Bel Canto won the Orange Prize and has sold 250,000 paperbacks including export (of which 123,000 copies sold through Nielsen BookScan) and over one million paperbacks in the US. Our GBP60,000 national outdoor and press campaign will target the female mass market through shopping mall 6 sheets and women's newspaper supplements. Our specially-written reader's guide will be sent to national libraries to encourage book groups to read and recommend this novel.
Ann Patchett is the author of five previous novels, including Bel Canto, which won the Orange Prize. She writes for the New York Times Magazine, Elle, GQ, the Paris Review and Vogue. She lives in Nashville, Tennessee.
Andrew O'Hagan's novel Be Near Me has just been published by Harcourt. Copyright 2007 Reed Business Information.
'Enthralling ... It's a skilled piece of writing, a jigsaw narrative that leaps from one character to another with apparent seamlessness' Observer 'A spectacular read ... Full of suspense, exciting and unpredictable, this is a novel that keeps you guessing until the end' Sunday Express 'Her books are so warm, so overflowing with love and affection, that when you've finished reading one your first inclination is to embrace it' Guardian 'Patchett's mastery means there are no slips on the ice for her readers ... It is a long time since I have read such a delicately nuanced novel, where the overall pleasure lies simply in reading an award-winning writer at the top of her game' Sunday Telegraph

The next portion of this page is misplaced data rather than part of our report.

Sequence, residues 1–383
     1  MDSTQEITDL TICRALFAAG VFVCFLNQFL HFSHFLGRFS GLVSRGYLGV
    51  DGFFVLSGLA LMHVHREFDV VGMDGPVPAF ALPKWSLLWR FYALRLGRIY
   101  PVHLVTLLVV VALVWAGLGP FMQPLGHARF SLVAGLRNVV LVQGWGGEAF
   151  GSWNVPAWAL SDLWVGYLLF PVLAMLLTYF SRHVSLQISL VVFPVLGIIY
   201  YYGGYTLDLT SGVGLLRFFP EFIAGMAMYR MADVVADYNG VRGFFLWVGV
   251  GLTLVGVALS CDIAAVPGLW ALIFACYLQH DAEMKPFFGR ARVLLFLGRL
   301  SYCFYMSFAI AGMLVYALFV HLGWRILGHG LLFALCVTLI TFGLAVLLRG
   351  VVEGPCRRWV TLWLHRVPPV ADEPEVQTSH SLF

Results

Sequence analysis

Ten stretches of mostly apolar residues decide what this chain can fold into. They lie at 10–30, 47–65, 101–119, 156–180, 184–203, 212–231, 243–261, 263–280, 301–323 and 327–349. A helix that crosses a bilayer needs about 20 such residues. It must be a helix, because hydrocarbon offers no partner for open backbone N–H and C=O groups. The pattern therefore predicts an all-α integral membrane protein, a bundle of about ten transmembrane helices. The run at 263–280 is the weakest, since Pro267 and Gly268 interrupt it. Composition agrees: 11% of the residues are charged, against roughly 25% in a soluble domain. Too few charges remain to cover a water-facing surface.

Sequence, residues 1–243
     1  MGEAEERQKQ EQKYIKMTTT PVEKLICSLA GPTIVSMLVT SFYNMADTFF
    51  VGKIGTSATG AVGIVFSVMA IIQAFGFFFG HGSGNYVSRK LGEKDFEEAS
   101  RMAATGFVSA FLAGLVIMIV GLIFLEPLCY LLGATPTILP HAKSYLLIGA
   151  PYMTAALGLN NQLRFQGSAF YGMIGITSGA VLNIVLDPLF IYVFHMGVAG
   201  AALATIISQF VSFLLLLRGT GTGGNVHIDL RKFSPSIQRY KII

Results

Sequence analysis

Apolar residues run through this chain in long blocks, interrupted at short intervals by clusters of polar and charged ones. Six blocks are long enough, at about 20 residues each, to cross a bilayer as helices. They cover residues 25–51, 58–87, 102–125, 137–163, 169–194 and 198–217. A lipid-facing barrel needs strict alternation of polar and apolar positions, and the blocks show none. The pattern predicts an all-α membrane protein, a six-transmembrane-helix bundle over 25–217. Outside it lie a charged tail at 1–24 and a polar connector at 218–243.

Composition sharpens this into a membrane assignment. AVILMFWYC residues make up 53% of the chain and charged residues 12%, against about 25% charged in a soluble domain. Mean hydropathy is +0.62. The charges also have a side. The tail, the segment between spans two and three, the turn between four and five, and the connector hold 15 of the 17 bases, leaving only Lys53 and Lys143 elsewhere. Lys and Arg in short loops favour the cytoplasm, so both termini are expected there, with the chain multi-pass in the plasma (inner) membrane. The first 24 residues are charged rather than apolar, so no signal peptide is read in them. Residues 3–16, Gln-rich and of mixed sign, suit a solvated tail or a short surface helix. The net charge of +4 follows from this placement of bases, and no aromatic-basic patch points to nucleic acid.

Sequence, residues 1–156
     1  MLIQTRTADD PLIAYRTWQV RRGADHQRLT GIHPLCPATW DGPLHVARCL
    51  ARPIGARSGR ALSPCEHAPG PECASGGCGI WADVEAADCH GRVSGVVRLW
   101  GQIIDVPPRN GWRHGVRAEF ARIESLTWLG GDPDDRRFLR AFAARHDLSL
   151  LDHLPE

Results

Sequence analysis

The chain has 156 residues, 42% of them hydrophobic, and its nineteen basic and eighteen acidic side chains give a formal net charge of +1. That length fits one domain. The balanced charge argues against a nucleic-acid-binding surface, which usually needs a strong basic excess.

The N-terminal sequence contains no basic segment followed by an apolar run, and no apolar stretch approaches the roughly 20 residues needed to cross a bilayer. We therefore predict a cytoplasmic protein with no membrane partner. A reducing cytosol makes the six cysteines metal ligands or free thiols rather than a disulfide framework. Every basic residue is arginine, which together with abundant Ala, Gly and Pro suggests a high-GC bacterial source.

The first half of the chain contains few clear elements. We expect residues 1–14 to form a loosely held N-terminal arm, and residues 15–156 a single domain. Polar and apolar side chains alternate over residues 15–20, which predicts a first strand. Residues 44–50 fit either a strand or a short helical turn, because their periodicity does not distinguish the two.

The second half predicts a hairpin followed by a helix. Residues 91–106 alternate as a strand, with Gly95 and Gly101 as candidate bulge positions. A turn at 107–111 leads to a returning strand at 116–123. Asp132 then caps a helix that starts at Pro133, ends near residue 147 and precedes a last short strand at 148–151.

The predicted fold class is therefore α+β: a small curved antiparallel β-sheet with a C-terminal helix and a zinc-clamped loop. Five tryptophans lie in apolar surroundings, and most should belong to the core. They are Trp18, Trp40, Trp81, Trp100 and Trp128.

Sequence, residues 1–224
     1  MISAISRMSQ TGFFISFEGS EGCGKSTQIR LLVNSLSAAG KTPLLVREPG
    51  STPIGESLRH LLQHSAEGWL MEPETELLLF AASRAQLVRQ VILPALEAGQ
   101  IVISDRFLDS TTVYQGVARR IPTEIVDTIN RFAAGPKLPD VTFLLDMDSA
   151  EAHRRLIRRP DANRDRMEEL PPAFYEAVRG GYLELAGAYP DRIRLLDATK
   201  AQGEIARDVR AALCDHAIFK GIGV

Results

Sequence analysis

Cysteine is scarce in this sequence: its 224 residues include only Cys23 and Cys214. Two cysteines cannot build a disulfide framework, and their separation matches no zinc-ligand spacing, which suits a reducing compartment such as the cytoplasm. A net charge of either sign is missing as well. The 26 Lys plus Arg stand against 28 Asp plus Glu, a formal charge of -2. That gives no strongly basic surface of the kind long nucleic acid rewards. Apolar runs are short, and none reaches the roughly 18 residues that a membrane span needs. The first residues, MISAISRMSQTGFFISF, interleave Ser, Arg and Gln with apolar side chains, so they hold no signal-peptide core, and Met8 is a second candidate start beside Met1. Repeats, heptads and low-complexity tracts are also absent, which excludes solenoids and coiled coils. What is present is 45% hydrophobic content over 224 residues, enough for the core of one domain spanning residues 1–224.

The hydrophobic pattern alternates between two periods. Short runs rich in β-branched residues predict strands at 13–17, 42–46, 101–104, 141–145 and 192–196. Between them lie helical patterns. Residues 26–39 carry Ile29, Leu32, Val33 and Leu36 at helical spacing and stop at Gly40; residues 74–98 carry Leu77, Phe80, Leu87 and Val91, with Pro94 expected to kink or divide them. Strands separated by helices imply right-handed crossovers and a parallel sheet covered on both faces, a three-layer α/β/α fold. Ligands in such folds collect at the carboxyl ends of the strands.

Two families come together in a traffic accident during a snowstorm. Nothing terribly unusual there, except that a woman has purposely thrown herself under a car to protect a stranger. It quickly becomes clear that the families-a poor, single black mother with her 11-year-old daughter and a white, Irish Catholic, former Boston mayor with a biological son and two adopted black college-aged sons whose much-loved wife died over 20 years ago-have a connection. The award-winning Patchett (Bel Canto) here presents an engrossing and enjoyable novel. While there are a few unexpected turns, the reader very quickly figures out where the plot is headed, but that does not detract from the pleasure of reading. The somewhat unusual premise is presented very matter-of-factly; this is not a story about race but about family and the depths of parents' love of their children, whether biological, adopted, given away, or otherwise acquired, and of each other. Recommended for most collections. [See Prepub Alert, LJ 6/15/07.]-Sarah Conrad Weisman, Corning Community Coll. Lib., NY Copyright 2007 Reed Business Information.